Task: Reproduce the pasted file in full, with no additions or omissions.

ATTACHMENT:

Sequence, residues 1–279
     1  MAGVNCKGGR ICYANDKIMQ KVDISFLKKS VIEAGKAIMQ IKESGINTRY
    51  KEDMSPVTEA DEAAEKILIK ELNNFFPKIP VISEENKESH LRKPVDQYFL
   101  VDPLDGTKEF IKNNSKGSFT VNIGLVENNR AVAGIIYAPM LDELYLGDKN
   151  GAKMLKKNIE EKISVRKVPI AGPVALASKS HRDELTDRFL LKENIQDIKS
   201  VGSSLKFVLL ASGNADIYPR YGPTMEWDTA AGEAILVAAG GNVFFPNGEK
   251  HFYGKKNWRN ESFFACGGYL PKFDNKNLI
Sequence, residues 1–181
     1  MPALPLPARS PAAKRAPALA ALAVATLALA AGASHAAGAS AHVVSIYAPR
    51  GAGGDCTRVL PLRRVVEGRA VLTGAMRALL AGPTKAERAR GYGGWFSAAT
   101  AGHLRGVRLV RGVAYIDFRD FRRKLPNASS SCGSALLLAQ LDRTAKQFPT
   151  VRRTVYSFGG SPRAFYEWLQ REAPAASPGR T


Sequence, residues 1–279
     1  MAGVNCKGGR ICYANDKIMQ KVDISFLKKS VIEAGKAIMQ IKESGINTRY
    51  KEDMSPVTEA DEAAEKILIK ELNNFFPKIP VISEENKESH LRKPVDQYFL
   101  VDPLDGTKEF IKNNSKGSFT VNIGLVENNR AVAGIIYAPM LDELYLGDKN
   151  GAKMLKKNIE EKISVRKVPI AGPVALASKS HRDELTDRFL LKENIQDIKS
   201  VGSSLKFVLL ASGNADIYPR YGPTMEWDTA AGEAILVAAG GNVFFPNGEK
   251  HFYGKKNWRN ESFFACGGYL PKFDNKNLI
Sequence, residues 1–181
     1  MPALPLPARS PAAKRAPALA ALAVATLALA AGASHAAGAS AHVVSIYAPR
    51  GAGGDCTRVL PLRRVVEGRA VLTGAMRALL AGPTKAERAR GYGGWFSAAT
   101  AGHLRGVRLV RGVAYIDFRD FRRKLPNASS SCGSALLLAQ LDRTAKQFPT
   151  VRRTVYSFGG SPRAFYEWLQ REAPAASPGR T